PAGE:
ls prints differently depending on whether the output is to a terminal or to something else.
$ ls . file1 file2 $ ls . | head file1 file2
Is there some way to make
ls print out on one line as if it's to a terminal when it's not. There's a
-C argument that sorta does that, but it will split it into several lines.
$ ls file1 file10 file11 file12 file13 file14 file15 file16 file17 file18 file19 file2 file3 file4 file5 file6 file7 file8 file9 $ ls -C . | head file1 file11 file13 file15 file17 file19 file3 file5 file7 file9 file10 file12 file14 file16 file18 file2 file4 file6 file8
The reason I want to do this is that I want to monitor the files in a directory that were changing quickly. I had constructed this simple command line:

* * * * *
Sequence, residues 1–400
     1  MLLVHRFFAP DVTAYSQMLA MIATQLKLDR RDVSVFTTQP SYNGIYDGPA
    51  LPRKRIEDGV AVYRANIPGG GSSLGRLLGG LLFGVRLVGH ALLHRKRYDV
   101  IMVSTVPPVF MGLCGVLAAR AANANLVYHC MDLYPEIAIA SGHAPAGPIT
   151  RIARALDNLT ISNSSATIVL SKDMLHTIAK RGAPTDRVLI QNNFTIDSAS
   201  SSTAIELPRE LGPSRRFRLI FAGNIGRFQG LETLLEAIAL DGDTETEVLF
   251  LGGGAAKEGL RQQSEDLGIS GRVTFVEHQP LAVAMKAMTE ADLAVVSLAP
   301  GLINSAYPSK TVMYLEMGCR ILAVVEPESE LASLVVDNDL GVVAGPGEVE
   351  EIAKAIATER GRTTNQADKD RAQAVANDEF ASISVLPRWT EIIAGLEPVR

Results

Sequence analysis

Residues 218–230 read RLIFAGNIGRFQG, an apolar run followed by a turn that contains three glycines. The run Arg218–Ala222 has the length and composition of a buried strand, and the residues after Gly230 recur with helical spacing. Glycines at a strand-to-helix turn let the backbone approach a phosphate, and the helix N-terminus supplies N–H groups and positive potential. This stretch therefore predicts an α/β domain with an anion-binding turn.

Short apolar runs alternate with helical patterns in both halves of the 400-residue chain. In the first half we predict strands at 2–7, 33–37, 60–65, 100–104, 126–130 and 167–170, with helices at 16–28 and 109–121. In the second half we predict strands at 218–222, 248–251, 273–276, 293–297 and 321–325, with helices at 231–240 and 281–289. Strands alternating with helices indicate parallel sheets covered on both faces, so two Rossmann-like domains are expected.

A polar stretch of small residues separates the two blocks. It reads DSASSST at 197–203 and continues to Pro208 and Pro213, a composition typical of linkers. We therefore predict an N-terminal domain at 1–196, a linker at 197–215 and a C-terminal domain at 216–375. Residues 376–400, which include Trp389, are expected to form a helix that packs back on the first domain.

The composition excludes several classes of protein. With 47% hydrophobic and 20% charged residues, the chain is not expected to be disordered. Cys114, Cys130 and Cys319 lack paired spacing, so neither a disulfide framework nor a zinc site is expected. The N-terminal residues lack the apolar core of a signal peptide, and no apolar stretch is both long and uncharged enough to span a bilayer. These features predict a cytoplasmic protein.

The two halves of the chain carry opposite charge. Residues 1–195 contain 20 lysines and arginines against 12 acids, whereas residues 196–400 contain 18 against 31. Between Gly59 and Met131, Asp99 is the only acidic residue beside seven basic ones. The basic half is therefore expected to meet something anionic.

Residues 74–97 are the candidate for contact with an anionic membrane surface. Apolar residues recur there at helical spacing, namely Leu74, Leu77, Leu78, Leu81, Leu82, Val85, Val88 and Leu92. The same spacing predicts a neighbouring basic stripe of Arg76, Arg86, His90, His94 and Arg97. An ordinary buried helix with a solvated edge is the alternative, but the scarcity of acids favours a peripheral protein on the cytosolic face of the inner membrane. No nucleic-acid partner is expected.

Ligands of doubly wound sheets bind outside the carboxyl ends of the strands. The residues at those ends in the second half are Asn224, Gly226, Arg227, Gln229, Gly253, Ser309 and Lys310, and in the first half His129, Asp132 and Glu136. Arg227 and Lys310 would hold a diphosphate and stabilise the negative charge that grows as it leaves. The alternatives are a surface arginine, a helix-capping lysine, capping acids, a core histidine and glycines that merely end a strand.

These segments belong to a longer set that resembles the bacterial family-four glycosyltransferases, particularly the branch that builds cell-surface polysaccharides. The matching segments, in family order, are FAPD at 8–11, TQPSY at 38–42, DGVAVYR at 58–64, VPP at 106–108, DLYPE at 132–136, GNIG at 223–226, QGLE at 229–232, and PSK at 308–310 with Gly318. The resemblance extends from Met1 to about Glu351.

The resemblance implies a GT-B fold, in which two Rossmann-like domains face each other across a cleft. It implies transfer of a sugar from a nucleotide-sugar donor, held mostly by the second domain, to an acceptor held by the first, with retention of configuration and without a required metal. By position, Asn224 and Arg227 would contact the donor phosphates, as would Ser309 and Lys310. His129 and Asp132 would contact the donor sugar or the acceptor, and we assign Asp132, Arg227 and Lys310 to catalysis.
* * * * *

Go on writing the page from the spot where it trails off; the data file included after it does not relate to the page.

while [[ true ]] ; do ls ; done | uniq
The uniq prevents it from spamming my terminal and only showing changes. However it was printing it all on differnet lines, which was making the uniq useless, and increasing the amount of noise. In theory one could use
watch for this, but I wanted to see a file as soon as it appeared/disappeared.
This is the final solution:
while [[ true ]] ; do ls | tr '\n' ' ' ; done | uniq